[1] And there was a certain man in Caesarea, named Cornelius, a centurion of that which is called the Italian band; [2] A religious man, and fearing God with all his house, giving much alms to the people, and always praying to God. [3] This man saw in a vision manifestly, about the ninth hour of the day, an angel of God coming in unto him, and saying to him: Cornelius. [4] And he, beholding him, being seized with fear, said: What is it, Lord? And he said to him: Thy prayers and thy alms are ascended for a memorial in the sight of God. [5] And now send men to Joppe, and call hither one Simon, who is surnamed Peter: Continue Reading

45

Dr. Ed Peters: “Nancy Pelosi will not change on her own”

Dr. Ed Peters’ response to the fact that Nancy Pelosi took communion at Pope Francis’ Mass bears quoting in full:

Communion time in St. Peter’s is, for the vast majority of lay persons (not heads of state, and not folks chosen to receive from the pope), pretty much a mob scene, so there is nothing to be gleaned from the fact that Nancy Pelosi took holy Communion at Pope Francis’ installation Mass — nothing, that is, except that either Pelosi suffers from one of the most malformed consciences in the annals of American Catholic politics or that she is simply hell bent on using her Catholic identity to attack Catholic values at pretty much every opportunity. Certainly, Pelosi’s taking the Sacrament is not, in the slightest, a Roma locuta on pro-abortion Catholics and Communion.

Nancy Pelosi is America’s problem, not Rome’s, and it is obvious that, if left to her own lights, she will never mend her ways. For her sake, therefore, and for those confused by the chronic scandal she gives, Pelosi needs to be formally warned against taking holy Communion for so long as she promotes, as consistent with our Catholic faith, a variety of gravely immoral policies (per cc. 916, 1339); ministers, meanwhile, in her environs need to be directed to withhold Communion from her till advised otherwise by the competent ecclesiastical authority (per c. 915).

Dr. Ed Peters, In the Light of the Law March 20, 2013.

11

Brave New World

I may have mentioned this before, but one of my favorite novels is C.S. Lewis’s That Hideous Strength. It was the final part of what is known as Lewis’s Space Trilogy. A brief summary of the book is available at this link. The villain in this book is an entity called the National Institute of Coordinated Experiments – N.I.C.E. – which seeks to build a Utopian society based on science. Of course they are basically nothing more than totalitarian, atheistic thugs.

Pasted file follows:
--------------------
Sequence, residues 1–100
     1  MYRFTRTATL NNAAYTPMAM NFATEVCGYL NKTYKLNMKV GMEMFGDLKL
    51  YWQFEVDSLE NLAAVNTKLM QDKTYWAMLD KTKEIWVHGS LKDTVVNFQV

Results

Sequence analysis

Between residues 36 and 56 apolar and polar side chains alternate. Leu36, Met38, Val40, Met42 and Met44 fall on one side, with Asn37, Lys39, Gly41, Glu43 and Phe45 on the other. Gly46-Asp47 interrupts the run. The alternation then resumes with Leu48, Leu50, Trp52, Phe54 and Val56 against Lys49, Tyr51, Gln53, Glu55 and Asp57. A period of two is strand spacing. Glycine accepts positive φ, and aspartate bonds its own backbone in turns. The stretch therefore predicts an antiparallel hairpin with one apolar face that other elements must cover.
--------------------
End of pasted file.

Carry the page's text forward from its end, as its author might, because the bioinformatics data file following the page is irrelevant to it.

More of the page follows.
My admiration for the book is based on the fact that Lewis was a prophet. At least, that’s what struck me when I read this headline and accompanying story:

Britain on course for ‘three parent babies’

Britain is on course to become the first country in the world to legalise the creation of IVF babies with three biological “parents” after the fertility watchdog announced that the public is in favour of the controversial technology.

And then Bob Grant’s voice entered my head: They’re sick and they’re getting sicker.

But hey, evidently a majority of people would be down with completely re-working the laws of nature.

A major consultation found that a majority of people would back the therapy, under which a small part of a mother’s genetic material is swapped with that of a healthy donor to eliminate the risk of passing on a host of hereditary diseases to her child.

By removing faulty DNA from the mitochondria, which is always inherited from the mother, experts believe the child and future generations could be spared from a collection of devastating conditions affecting the heart, muscles and brain.

And this is how we’ll convince people that we aren’t entering Frankenstein-levels of biological tinkering. You see these great minds are merely making sure that no one should endure the burden of an imperfect child. Don’t you feel so much better about this project now?

And then on top of the ethical and moral concerns, there’s this: